Tue., July 23, 2013 12:25pm
Gov. Nathan Deal said recently that environmental lawsuits are to blame for the rising cost of building a nuclear plant in eastern Georgia, despite abundant evidence to the contrary. Speaking to reporters last week, the Republican governor accused environmental groups of increasing the cost of expanding Plant Vogtle by filing lawsuits against the project. Deal said he found it ironic that the groups he accused of starting costly litigation were then complaining about cost.
Thu., February 28, 2013 9:39am
A utility says a first-of-its-kind nuclear plant under construction in eastern Georgia will go over budget. Atlanta-based Southern Co. said Thursday that finishing Plant Vogtle will now cost an estimated $6.85 billion, up from $6.11 billion.
Tue., September 27, 2011 4:18am
The country's top nuclear regulators are holding a first-of-its-kind meeting. The mandatory meeting of the U.S. Nuclear Regulatory Commission comes before voting later this year or early next year on whether Atlanta-based Southern Co. and its partners can build and operate two more reactors at Plant Vogtle near Augusta.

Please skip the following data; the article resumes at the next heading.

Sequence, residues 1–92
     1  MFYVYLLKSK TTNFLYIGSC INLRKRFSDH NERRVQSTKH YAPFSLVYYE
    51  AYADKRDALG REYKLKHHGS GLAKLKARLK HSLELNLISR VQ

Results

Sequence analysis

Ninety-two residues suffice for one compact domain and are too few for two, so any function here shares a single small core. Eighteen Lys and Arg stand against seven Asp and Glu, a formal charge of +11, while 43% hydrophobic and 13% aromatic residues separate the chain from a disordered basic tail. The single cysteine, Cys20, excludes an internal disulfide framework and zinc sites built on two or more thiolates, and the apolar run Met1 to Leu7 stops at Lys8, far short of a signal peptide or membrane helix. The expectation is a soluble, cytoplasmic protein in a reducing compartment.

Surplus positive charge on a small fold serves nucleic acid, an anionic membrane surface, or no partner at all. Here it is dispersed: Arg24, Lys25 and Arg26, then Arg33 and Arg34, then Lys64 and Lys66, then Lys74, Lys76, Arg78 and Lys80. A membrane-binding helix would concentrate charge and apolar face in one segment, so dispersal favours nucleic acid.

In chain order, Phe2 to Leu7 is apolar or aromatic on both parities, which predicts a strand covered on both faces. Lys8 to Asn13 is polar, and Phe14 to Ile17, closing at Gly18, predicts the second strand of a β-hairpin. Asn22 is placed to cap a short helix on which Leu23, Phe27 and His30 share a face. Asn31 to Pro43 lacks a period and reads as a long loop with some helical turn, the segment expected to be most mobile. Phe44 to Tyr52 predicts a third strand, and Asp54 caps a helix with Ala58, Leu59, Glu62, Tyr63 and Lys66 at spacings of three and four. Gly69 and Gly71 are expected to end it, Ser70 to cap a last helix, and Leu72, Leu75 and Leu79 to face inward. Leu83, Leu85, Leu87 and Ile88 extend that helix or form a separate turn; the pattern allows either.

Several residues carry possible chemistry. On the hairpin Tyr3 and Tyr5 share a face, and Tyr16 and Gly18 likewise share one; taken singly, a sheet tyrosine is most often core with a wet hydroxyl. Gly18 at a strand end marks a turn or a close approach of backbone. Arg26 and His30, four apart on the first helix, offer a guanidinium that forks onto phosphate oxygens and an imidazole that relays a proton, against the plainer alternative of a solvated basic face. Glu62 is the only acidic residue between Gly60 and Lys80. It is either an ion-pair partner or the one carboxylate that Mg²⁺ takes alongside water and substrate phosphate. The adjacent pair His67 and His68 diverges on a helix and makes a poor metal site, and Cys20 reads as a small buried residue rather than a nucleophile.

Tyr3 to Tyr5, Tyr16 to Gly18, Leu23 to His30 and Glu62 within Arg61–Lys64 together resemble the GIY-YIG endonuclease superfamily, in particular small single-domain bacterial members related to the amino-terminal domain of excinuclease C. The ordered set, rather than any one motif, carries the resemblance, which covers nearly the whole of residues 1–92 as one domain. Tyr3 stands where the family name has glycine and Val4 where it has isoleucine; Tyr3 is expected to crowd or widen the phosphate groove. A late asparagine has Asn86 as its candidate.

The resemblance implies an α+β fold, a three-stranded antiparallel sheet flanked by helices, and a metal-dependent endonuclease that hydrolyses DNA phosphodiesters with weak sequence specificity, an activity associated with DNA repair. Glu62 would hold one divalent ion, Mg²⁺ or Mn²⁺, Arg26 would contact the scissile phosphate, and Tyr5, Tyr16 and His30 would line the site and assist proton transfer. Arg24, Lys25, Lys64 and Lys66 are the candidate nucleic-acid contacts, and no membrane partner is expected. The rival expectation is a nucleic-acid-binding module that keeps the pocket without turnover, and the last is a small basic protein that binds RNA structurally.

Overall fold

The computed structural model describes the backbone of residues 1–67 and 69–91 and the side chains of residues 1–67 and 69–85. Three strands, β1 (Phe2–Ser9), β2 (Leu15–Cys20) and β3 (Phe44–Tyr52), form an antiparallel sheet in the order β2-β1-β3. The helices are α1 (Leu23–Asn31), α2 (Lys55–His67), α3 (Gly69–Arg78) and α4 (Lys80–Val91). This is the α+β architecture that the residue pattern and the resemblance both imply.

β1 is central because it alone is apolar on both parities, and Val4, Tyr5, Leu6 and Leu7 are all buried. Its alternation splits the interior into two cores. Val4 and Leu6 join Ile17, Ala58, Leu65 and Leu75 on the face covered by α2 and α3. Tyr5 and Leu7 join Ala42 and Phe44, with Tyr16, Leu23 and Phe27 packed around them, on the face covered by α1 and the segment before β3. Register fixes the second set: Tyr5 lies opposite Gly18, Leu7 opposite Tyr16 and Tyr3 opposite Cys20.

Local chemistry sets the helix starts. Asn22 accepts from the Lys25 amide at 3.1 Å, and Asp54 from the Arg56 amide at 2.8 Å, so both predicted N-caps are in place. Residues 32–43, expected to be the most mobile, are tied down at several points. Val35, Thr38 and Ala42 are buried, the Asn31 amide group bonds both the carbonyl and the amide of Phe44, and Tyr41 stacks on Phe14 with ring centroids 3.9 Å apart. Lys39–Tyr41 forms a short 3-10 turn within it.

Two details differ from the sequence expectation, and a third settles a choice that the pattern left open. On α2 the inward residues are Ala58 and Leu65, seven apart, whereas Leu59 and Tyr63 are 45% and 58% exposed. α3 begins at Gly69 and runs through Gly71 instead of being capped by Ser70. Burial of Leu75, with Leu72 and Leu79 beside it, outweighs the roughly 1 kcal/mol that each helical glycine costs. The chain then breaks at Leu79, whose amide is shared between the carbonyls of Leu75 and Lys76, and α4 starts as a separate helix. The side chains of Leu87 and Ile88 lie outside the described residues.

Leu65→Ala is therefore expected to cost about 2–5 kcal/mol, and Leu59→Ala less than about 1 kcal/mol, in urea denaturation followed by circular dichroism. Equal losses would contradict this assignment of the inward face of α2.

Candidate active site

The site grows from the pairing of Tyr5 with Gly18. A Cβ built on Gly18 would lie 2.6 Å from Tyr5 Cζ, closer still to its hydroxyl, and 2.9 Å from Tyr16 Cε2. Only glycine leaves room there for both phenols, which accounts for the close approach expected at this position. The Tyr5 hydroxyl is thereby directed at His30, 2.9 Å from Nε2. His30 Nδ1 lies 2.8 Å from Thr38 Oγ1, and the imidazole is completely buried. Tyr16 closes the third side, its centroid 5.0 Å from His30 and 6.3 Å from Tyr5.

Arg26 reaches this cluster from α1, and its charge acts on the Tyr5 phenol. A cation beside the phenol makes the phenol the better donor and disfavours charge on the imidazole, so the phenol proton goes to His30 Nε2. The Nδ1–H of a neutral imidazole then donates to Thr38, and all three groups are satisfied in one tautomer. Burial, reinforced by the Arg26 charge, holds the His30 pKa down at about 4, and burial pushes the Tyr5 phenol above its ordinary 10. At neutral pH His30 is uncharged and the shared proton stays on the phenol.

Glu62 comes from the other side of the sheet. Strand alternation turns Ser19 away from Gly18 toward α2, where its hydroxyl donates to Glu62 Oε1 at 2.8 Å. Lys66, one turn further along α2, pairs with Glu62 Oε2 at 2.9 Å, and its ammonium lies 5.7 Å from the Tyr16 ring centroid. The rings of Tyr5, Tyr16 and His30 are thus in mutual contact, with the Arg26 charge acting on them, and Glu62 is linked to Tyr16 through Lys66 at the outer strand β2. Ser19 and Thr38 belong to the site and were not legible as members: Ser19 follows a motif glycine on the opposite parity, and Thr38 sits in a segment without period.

Wed., September 7, 2011 4:55am
Georgia Gov. Nathan Deal says he supports allowing the Southern Co. and its partners to build a new nuclear power plant near Augusta. If approved, the expansion at Plant Vogtle would represent the first groundbreaking on a nuclear plant in a generation.
Tue., August 2, 2011 3:57am
Utility regulators are expected to vote on an agreement abandoning a plan to trim Georgia Power's profits if construction of a new nuclear power plant goes over budget. The elected members of the Public Service Commission plan to vote on the deal Tuesday morning. The agreement was negotiated last month between PSC staff members and the utility. It calls for dropping a plan that would have trimmed Georgia Power's profits if the construction of two more nuclear reactors at Plant Vogtle near Augusta costs the Southern Co. subsidiary more than $6.4 billion.
Fri., May 21, 2010 8:17am
Federal regulators are increasing their oversight of a nuclear power plant